Thursday, 31 August 2017
Flame in the streets: "Detroit"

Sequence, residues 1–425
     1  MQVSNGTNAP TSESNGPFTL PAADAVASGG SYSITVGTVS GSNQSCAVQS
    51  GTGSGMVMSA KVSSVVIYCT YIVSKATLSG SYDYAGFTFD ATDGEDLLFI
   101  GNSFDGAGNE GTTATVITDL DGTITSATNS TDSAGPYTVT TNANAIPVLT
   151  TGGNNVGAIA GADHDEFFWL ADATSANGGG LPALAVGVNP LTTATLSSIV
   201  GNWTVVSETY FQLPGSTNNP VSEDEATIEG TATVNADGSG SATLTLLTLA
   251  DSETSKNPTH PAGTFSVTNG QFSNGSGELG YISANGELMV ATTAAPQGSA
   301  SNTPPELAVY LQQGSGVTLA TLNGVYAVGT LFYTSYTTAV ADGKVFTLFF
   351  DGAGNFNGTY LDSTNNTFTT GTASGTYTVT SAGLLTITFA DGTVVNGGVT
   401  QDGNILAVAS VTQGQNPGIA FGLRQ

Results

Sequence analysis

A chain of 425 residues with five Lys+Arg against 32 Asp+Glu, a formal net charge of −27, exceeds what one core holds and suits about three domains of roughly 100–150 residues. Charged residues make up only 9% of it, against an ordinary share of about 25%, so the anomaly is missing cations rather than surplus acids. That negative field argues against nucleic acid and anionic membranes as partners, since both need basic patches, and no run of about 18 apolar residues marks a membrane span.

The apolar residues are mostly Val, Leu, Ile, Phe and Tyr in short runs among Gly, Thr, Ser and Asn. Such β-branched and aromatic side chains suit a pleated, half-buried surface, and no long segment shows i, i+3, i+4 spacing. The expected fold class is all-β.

A divided (and apparently divisive) work for a divided moment, Detroit lands among us as a drama that aspires to the look and authenticity of documentary, and a film about black anger and black suffering written by a white man and directed by a white woman. It arrives at the end of what's been the oddest summer season in living memory, tossed into the mix like a Molotov cocktail, some counterblast to the weirdly apolitical Dunkirk (war as immersive, teen-friendly RPG, thus a massive hit): two-thirds of its frames burn at their very edges with the effort exerted by writer Mark Boal and director Kathryn Bigelow in trying to pin down the specifics of that long hot summer of 1967 during which the titular city fell subject to unrest and was taken over by the National Guard. Whether it was some deliberate, William Castle-ish 4DX gimmick or just an unfortunate aircon malfunction, the heating in the late-August public screening I attended was cranked up to the max; either way, the film scarcely seemed to require it. For much of its running time, Detroit is incendiary enough.